OverviewI have always been fascinated by robots and robotics. This blog will document the building of AVA. AVA is intended to be a fully autonomous robot which can react based on a number of layered behavioural patterns. I will go into the philosophy of behavioural based robotics in a subsequent post.
AVA's brains will be built using networked Arduino's. Arduino is an open-source electronics platform based on hardware which comes in a number of configurations based on your requirements and a free Integrated Development Environment (IDE) which allows you to program the microcontroller in C++.
The initial state of my robot prototype is shown in the following (overly dramatic) video.
Because I am using a behavioural approach to controlling the robot, Arduino's should give me sufficient computing power, relatively cheaply. Should I need more processing grunt the design will scale through the addition of a Raspberry Pi or PCDuino.
Even though the Arduino's have a pretty miserable clock speed (usually 16 MHz) compared to modern computer gear (e.g. even an iPhone 6 has a clock speed of 1.4 GHz), they are much better at controlling quickly changing inputs and outputs because that is all that they are doing.
Keeping with the spirit of the Arduino community, any software developed will be provided here with the appropriate permissive licences required for you to use within your own project.
- Has Voice Recognition and Voice Synthesis
- Knows - time, date, temperature, humidity, light level and battery charge.
- Will be able to perform the following tasks within a behavioural hierarchy (I will explain this):
- Find Station and Recharge
- Follow designated target
- Remote control (telemetry) via WiFi
- Patrol (challenge and video)
The Arduino's communicate using an I2C bus which requires only 2 wires. The master controller will be an Arduino Mega 2560 (Rev 3). Most of the sensors will connect to the Mega as will the motor control lines, quadrature encoders, voice recognition, voice synthesis and battery monitoring. I have actually used the Freetronics version of the Mega 2560 which is called the EtherMega. The EtherMega is a souped up version of the original design which includes ethernet functionality (which I'm not currently using but hey there is never such a thing as too much functionality and no doubt I will come up with some way to use it in the future). I have used Freetronics versions of the Arduino hardware where I can because of the additional functionality of their designs and to support a local Aussie company. I am going to use the Freetronic version names and official Arduino names interchangeably.
Logging, Sound Output and Input Controller
The next controller on the bus is a Freetronics "Eleven". This is a version of the Arduino Uno and controls the 128 x 128 pixel OLED Shield via the Shield Adapter. This shield includes a micro SD card, piezo buzzer and joystick controller which uses most of the digital input/outputs of the Eleven. The I2C bus connects to two of the analogue pins (A4 and A5) and the joystick position is monitored by two other (A2 and A3).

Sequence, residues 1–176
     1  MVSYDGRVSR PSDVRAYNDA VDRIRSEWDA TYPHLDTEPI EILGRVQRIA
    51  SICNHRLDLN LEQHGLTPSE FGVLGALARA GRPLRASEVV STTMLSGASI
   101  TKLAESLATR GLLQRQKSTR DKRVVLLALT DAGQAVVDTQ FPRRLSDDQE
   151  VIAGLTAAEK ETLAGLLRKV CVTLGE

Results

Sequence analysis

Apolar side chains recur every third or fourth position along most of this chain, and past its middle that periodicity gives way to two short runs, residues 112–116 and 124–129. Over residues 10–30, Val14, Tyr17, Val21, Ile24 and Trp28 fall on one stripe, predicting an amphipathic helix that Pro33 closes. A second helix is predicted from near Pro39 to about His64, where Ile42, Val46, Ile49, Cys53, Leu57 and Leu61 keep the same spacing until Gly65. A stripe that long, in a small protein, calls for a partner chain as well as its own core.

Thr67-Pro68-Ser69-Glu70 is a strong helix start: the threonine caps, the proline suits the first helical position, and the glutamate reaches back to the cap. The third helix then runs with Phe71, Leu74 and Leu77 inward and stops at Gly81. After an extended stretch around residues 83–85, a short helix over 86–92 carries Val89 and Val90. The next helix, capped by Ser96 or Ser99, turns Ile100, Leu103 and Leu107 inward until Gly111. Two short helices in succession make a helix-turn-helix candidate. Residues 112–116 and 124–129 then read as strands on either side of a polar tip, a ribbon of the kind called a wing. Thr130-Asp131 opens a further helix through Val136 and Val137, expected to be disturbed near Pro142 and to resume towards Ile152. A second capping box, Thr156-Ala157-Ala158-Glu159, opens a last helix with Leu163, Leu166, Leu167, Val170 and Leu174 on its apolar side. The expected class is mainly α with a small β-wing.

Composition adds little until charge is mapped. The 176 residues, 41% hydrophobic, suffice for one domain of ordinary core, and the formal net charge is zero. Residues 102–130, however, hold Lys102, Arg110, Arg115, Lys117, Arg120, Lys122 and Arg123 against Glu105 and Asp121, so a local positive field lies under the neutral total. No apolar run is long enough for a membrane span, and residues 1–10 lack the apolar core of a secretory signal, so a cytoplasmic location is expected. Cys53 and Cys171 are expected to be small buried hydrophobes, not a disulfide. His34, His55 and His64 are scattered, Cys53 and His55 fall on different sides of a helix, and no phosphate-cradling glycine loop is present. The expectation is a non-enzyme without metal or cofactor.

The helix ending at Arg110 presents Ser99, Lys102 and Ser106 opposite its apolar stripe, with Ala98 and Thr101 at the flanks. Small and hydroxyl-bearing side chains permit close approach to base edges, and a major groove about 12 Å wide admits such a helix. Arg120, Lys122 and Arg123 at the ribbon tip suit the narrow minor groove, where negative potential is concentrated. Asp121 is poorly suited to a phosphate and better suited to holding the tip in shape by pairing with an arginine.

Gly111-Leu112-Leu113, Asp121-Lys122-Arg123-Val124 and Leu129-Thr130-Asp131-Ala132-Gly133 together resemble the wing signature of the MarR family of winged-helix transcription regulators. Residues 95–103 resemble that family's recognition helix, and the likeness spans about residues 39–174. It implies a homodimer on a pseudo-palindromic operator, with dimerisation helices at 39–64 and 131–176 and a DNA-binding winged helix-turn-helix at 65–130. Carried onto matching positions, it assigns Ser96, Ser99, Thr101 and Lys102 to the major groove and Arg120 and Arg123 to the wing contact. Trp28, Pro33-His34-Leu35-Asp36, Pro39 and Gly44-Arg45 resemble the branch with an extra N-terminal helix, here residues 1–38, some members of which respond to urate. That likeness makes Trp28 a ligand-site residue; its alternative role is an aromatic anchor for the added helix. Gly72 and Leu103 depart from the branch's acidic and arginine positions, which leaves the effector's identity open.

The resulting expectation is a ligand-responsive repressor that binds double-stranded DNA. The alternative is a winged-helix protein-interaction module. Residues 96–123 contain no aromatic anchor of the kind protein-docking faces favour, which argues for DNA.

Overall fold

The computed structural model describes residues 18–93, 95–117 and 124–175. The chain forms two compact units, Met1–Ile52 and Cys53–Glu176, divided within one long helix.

Interestingly (to me at least), the Eleven communicates with the OLED using a Serial Peripheral Interface (SPI) bus. So this Arduino is using two communication protocols at the same time, not to mention the serial interface used to program the chip via my Mac. The SPI is a 4 wire bus.
This controller will log status to the screen and microSD card, provide audio feedback via the piezo (until voice synthesis is added) and allow me to provide input via the joystick and button.
LCD and Temperature Sensor Controller
I have another Eleven connected on the I2C bus which controls a 2 x 16 character LCD via a LCD and Keypad Shield. This has a DS18B20 temperature sensor connected which uses the LCD to display the current temp. I only added this because I already had one built, but the temperature will come in handy when I add the sonar sensors since the speed of sound is effected by temperature (and barometric pressure). More on this in due course.
Real Time Clock (RTC) Module
To allow behaviours based on the time and date, the robot needs to know what the current date and time is. It is also useful for time stamping log entries. To allow this, there is a Freetronics RTC module connected to the I2C bus.
I will do a separate post about each of the micro controllers and go into the hardware and setup configurations in depth.
Robot PlatformA robot is not much of a robot if it can't move. For AVA, movement will be provided courtesy of the Arlo Robotic Platform System from Parallax. The Arlo platform can carry up to 27kg so that should be sufficient for what I have planned.
Constructing the platform will be documented here.